Ina Fried

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RIM Exec: Developers Like Us Just Fine, Thanks

Alec Saunders, the head of developer relations for Research In Motion, denied on Tuesday that the company’s execution stumbles over the past 18 months have led to a trust gap with mobile app creators.

“I don’t know that I’d characterize it in that fashion,” Saunders told AllThingsD at a briefing with reporters at Mobile World Congress. While not announcing much in the way of new devices in Barcelona, RIM held a panel with a handful of developers to talk about its work getting new applications for its PlayBook tablet and its forthcoming QNX-based BlackBerry operating system.

Saunders said that with any new operating system, there are developers who are willing to jump on board early, while others take a wait-and-see approach.

As far as the company’s own prior statements about how quickly it could release the PlayBook and next-generation BlackBerry, Saunders said: “I think we set some expectations that we probably shouldn’t have, but that’s ancient history.”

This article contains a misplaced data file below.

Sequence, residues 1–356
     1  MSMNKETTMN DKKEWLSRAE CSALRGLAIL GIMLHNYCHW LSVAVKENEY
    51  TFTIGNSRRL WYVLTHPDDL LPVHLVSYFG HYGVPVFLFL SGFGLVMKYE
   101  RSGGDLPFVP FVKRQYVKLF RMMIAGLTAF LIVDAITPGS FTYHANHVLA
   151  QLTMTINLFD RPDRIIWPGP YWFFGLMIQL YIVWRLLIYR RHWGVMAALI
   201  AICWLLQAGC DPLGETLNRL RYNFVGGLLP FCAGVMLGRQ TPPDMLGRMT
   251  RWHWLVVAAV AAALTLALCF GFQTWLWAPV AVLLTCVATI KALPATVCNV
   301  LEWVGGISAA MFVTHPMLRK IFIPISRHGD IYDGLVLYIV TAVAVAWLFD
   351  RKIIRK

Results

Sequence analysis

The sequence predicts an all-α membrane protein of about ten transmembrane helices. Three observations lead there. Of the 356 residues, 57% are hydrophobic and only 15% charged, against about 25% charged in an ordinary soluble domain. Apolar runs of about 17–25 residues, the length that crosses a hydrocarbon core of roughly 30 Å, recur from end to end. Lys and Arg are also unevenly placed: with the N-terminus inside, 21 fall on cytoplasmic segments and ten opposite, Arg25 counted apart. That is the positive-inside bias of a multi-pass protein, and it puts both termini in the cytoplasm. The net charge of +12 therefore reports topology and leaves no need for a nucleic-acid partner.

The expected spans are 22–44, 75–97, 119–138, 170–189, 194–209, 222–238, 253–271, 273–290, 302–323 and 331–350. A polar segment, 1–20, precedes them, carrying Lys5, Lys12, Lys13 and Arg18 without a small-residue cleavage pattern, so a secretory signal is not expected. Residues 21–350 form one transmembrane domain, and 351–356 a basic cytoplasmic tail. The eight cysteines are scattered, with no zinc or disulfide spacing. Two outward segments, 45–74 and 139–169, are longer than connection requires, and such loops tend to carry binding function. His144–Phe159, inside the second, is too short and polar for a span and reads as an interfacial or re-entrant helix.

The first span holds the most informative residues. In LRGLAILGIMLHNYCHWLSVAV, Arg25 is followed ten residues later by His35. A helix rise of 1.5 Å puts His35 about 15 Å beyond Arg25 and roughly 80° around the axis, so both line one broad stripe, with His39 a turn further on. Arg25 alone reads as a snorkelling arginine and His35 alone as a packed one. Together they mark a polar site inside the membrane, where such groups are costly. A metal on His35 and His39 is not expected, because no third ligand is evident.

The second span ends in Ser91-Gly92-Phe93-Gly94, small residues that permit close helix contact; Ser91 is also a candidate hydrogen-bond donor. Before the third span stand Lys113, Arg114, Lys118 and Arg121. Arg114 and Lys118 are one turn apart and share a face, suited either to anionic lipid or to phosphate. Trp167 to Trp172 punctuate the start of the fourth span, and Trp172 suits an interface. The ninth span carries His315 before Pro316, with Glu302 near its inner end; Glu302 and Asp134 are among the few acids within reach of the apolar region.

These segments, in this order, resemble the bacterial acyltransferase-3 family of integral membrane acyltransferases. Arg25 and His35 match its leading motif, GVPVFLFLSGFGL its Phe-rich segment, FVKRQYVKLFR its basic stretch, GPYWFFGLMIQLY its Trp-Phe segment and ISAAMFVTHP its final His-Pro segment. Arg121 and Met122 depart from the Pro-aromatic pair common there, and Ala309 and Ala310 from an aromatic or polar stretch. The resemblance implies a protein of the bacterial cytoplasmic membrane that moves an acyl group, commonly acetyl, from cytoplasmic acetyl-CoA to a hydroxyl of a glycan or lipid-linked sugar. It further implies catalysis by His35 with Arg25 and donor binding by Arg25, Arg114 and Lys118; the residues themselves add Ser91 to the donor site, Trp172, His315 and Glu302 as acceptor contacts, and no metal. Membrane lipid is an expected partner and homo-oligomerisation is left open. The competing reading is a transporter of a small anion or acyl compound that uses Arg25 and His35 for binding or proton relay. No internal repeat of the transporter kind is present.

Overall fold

The company said it now has well over 10,000 programs running on PlayBook, including several thousand Android applications that have been approved to run on the device.

RIM is in the midst of moving from its historical BlackBerry operating system to a new one that is based on QNX, the operating system that powers the PlayBook. At the same time, RIM has seen its smartphone market share plummet in recent years, amid increased competition from Apple and Android, among others.

Among the questions hovering over RIM is just when it will move its phones to the new operating system, and how quickly it will move the bulk of its lineup to the software.

“We haven’t given a whole lot of specifics on long-term projections and road maps, but those conversations do happen in confidence,” Saunders said.


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Another gadget you don’t really need. Will not work once you get it home. New model out in 4 weeks. Battery life is too short to be of any use.

— From the fact sheet for a fake product entitled Useless Plasticbox 1.2 (an actual empty plastic box) placed in L.A.-area Best Buy stores by an artist called Plastic Jesus